Tolko plans re-opening in early 2018

Richard Froese
South Peace News
Tolko Industries Ltd. has announced it will re-open its oriented strand board mill in High Prairie in early 2018.

Production is expected to start in the first quarter of 2018 as markets improve and optimism that housing starts will maintain upward momentum, says a news release from Tolko dated June 20.

“We’re very happy to get this mill back up and running, it’s good news for our people and for northern Alberta,” says Brad Thorlakson, president and CEO of Tolko.
“We are confident that current improvements in market conditions are sustainable and that customer demand for Tolko oriented strand board products will remain strong.”

An exact re-opening date was not confirmed.

When fully operational, the mill will employ about 175 people directly, support a contractor logging work- force and generate many indirect employment opportunities in the community.

The news has received strong support from Big Lakes County and the Town of High Prairie. Tolko recognizes and expressed thanks to the local First Nations and Métis Settlements for their involvement and support during the process.

“Big Lakes County, after agreeing to a four-year phase-in taxation agreement, is pleased that Tolko Industries has decided to reopen the High Prairie mill,” Reeve Ken Matthews says.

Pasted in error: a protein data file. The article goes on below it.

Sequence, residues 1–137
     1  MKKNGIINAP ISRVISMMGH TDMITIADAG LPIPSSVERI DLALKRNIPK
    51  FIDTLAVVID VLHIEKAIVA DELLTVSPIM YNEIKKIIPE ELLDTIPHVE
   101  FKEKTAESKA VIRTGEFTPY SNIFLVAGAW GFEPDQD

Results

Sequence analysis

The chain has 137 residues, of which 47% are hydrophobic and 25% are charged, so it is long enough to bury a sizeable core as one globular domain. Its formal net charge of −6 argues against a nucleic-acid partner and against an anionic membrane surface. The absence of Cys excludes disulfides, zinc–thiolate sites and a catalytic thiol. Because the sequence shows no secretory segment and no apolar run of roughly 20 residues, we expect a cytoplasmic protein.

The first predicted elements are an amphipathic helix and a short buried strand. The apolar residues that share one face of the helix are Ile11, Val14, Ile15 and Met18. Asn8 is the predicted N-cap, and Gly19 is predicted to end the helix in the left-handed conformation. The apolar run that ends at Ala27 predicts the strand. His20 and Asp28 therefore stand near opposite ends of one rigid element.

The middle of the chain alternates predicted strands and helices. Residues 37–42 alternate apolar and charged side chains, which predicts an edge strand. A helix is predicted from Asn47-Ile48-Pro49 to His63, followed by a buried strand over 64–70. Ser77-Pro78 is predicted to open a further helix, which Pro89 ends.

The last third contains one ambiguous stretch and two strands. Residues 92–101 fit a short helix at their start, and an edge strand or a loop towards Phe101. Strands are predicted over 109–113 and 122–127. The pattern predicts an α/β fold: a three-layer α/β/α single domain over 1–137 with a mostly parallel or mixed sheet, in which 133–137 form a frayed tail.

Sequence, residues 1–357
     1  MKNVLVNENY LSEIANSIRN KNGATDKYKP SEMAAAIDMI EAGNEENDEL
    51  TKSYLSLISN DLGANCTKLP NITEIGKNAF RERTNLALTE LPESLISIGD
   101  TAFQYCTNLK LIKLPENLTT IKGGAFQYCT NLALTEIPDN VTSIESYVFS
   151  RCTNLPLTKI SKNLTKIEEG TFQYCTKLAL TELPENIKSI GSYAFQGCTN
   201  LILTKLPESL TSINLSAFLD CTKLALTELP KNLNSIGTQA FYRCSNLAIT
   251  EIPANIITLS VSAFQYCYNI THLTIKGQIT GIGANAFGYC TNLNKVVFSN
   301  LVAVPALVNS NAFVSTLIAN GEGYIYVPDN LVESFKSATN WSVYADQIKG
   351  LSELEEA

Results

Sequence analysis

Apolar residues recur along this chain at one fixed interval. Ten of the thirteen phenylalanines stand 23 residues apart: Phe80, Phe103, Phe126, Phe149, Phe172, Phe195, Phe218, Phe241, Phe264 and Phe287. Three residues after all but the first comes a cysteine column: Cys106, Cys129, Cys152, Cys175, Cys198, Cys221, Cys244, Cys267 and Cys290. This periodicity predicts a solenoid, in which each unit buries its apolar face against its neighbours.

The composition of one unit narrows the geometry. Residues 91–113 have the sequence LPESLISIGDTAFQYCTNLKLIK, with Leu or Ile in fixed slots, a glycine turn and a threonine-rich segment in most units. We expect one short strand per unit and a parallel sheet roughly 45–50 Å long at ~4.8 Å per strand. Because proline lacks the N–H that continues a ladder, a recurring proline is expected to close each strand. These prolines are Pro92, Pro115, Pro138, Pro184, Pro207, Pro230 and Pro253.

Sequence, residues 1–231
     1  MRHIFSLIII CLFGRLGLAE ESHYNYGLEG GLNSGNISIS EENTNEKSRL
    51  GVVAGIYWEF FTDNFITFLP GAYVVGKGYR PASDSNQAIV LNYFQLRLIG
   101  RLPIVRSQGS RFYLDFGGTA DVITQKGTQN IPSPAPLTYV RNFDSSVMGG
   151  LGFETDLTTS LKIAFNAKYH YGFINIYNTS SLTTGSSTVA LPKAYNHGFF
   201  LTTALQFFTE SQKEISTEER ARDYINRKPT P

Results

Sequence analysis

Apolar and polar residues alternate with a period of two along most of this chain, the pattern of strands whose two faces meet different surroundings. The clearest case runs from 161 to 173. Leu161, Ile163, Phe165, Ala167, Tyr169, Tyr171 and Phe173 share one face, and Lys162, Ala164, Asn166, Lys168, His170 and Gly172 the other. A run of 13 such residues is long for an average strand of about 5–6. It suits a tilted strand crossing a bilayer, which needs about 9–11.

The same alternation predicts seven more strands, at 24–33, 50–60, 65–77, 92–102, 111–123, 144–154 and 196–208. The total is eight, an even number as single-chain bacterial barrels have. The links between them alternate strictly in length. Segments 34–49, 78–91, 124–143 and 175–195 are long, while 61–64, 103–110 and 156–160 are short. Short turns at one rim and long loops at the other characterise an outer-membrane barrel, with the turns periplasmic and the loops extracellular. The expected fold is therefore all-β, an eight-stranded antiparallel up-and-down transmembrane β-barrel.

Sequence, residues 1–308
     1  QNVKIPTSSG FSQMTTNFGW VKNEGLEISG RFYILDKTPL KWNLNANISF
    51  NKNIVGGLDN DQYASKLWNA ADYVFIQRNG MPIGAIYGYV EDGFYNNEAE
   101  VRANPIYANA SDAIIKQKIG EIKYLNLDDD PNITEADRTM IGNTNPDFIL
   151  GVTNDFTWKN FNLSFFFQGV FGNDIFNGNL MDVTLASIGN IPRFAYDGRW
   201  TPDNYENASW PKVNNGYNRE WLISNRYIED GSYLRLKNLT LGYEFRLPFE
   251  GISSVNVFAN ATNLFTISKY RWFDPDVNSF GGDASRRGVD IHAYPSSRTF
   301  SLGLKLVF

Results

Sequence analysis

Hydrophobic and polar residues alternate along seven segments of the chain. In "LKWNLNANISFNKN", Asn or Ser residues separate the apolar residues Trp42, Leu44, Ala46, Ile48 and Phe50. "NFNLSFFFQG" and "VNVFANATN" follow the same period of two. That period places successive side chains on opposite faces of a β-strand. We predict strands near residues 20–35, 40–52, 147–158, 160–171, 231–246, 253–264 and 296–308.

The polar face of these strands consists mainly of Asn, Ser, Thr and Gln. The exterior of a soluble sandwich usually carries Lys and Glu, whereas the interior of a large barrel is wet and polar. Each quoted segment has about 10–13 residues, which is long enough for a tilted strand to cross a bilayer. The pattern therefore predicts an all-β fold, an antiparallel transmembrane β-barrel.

“The county has worked alongside Tolko, other municipalities in the area, and the provincial government to ensure that Tolko returns to our area.”

Matthews and High Prairie Mayor Linda Cox say their communities look forward to the increased employment and the economic benefits of Tolko reopening.

“I couldn’t be happier with this announcement,” Cox says.
“We have worked hard to bring community groups together, to facilitate discussions and help position the Tolko mill for a restart.”

First Nations also welcome the news.

“The restart of the mill will provide valuable jobs in the area, and create shared responsibilities on forest management and environmental protection on our traditional lands,” Whitefish First Nation Chief Robert Grey says.
“This is an important announcement for our communities.”

Tolko originally opened the mill in 1995 before it closed in 2008 when North American housing starts fell to a generational low, resulting in a loss of markets for its product.

Tolko is also grateful for government support.

“We would like to thank the Rachel Notley-led Government of Alberta and Agriculture and Forestry Minister Oneil Carlier, for the recent decision to grant a five-year extension to the existing Tolko High Prairie forest management area,” Thorlakson says.

He adds that was a major step in the decision to restart the mill.

Lesser Slave Lake MLA Danielle Larivee says the government is happy to be a partner.

“Forestry is a big part of our way of life in northern Alberta, so it’s great to see that the Tolko mill will be creating jobs and supporting our region once again,” Larivee says.
“It’s wonderful to see this investment flowing back into our region, and I would like to thank Tolko and the province for their work on this forest management agreement that will help support familes and industry in the High Prairie region.”

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